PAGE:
- (id)initWithNibName:(NSString *)nibNameOrNil bundle:(NSBundle *)nibBundleOrNil {
if ((self = [super initWithNibName:nibNameOrNil bundle:nibBundleOrNil])) {
// Custom initialization
return self;

// Implement loadView to create a view hierarchy programmatically, without using a nib.
- (void)loadView {

// Implement viewDidLoad to do additional setup after loading the view, typically from a nib.
- (void)viewDidLoad {
[super viewDidLoad];

//loaded before the view is loaded
- (void)viewWillAppear:(BOOL)animated {

//this adds a notification to tell the program when the keyboard was loaded into this view.
//defaultCenter requires four things
//addObserver is the object you want to send the message to. It would either be self or ReturnMeToViewController (in this case they're the same thing)
//selector is the method within the object you want to call. In this example, we want to code the keyboardWillShow method. selector can have only one argument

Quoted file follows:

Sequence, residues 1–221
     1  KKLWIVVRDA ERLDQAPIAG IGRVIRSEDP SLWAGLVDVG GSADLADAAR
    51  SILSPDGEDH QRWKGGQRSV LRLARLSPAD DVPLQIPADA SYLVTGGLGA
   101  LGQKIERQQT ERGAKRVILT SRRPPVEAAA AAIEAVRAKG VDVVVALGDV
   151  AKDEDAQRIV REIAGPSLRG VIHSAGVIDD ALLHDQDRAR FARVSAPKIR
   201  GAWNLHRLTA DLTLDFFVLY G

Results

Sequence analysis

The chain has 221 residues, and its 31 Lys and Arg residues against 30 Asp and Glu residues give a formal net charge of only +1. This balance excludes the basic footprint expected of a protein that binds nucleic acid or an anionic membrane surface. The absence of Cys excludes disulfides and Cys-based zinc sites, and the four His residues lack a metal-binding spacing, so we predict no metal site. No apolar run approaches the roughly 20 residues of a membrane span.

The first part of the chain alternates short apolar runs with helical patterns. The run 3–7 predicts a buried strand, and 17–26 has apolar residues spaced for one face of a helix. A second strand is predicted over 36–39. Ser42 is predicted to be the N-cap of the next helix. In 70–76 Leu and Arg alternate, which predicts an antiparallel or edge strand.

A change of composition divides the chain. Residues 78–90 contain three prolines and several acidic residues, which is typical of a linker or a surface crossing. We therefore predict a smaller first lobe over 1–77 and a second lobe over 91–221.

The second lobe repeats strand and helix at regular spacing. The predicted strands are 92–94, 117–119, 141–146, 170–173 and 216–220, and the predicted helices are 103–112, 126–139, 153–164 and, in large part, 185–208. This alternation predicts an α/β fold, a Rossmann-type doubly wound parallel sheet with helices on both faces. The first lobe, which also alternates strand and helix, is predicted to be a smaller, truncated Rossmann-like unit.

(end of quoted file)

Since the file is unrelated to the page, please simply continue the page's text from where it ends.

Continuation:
//name specifies the notification you're registering for, in this case UIKeyboardWillShowNotification
//object is the particular object whose notification I am registering for, in this case, the window
[[NSNotificationCenter defaultCenter] addObserver:self selector:@selector(keyboardWillShow:) name:UIKeyboardWillShowNotification object:self.view.window];

//this calls the super class's (UIViewController) method ([super viewWillAppear:animated];
//this is important because there may be some things UIViewController needs to do on its own before the view appears
[super viewWillAppear:animated];

- (void)viewWillDisappear:(BOOL)animated {

//this removes the notification to tell the program when the keyboard was loaded into this view.
//removeObserver is the object you want to send the message to. (just like addObserver from above)
//name specifies the notification you're unregistering for, in this case UIKeyboardWillShowNotification
//object: since I am unregistering, nil will be used for object because that will remove all UIKeyboardWillShowNotification notifications (if there were more than one)
[[NSNotificationCenter defaultCenter] removeObserver:self name:UIKeyboardWillShowNotification object:nil];

[super viewWillDisappear:animated];

- (void)keyboardWillShow:(NSNotification *)notif {

//send message to notification center to return a reference to the dictionary that has the information
NSDictionary* info = [notif userInfo];

//use the key to have the method extract the keyboard size for you

//NSValue is a simple container that can hold variables that hold values. In this case, it points to a CGRect
NSValue *aValue = [info objectForKey:UIKeyboardBoundsUserInfoKey];